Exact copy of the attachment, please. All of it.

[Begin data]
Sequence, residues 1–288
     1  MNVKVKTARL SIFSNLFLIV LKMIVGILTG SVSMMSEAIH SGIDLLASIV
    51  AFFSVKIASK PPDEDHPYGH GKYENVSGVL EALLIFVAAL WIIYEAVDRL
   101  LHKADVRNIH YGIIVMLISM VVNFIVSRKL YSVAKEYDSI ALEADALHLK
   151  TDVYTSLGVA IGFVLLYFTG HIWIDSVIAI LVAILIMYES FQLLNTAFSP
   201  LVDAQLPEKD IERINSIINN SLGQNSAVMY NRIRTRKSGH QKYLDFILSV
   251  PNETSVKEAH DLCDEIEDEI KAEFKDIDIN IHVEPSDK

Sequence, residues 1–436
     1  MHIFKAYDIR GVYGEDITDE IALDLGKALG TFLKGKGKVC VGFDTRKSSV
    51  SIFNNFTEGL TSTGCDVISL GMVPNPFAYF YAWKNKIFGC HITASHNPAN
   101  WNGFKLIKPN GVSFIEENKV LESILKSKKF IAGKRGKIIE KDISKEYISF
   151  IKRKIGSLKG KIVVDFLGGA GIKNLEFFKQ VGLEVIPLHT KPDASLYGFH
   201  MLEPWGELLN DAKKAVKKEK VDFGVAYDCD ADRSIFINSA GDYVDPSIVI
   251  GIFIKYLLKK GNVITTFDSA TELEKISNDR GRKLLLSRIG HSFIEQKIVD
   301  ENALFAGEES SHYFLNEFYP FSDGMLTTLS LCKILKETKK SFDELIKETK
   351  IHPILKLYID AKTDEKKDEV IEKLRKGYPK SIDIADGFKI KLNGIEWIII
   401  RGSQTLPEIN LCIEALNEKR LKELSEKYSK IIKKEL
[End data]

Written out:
Sequence, residues 1–288
     1  MNVKVKTARL SIFSNLFLIV LKMIVGILTG SVSMMSEAIH SGIDLLASIV
    51  AFFSVKIASK PPDEDHPYGH GKYENVSGVL EALLIFVAAL WIIYEAVDRL
   101  LHKADVRNIH YGIIVMLISM VVNFIVSRKL YSVAKEYDSI ALEADALHLK
   151  TDVYTSLGVA IGFVLLYFTG HIWIDSVIAI LVAILIMYES FQLLNTAFSP
   201  LVDAQLPEKD IERINSIINN SLGQNSAVMY NRIRTRKSGH QKYLDFILSV
   251  PNETSVKEAH DLCDEIEDEI KAEFKDIDIN IHVEPSDK

Sequence, residues 1–436
     1  MHIFKAYDIR GVYGEDITDE IALDLGKALG TFLKGKGKVC VGFDTRKSSV
    51  SIFNNFTEGL TSTGCDVISL GMVPNPFAYF YAWKNKIFGC HITASHNPAN
   101  WNGFKLIKPN GVSFIEENKV LESILKSKKF IAGKRGKIIE KDISKEYISF
   151  IKRKIGSLKG KIVVDFLGGA GIKNLEFFKQ VGLEVIPLHT KPDASLYGFH
   201  MLEPWGELLN DAKKAVKKEK VDFGVAYDCD ADRSIFINSA GDYVDPSIVI
   251  GIFIKYLLKK GNVITTFDSA TELEKISNDR GRKLLLSRIG HSFIEQKIVD
   301  ENALFAGEES SHYFLNEFYP FSDGMLTTLS LCKILKETKK SFDELIKETK
   351  IHPILKLYID AKTDEKKDEV IEKLRKGYPK SIDIADGFKI KLNGIEWIII
   401  RGSQTLPEIN LCIEALNEKR LKELSEKYSK IIKKEL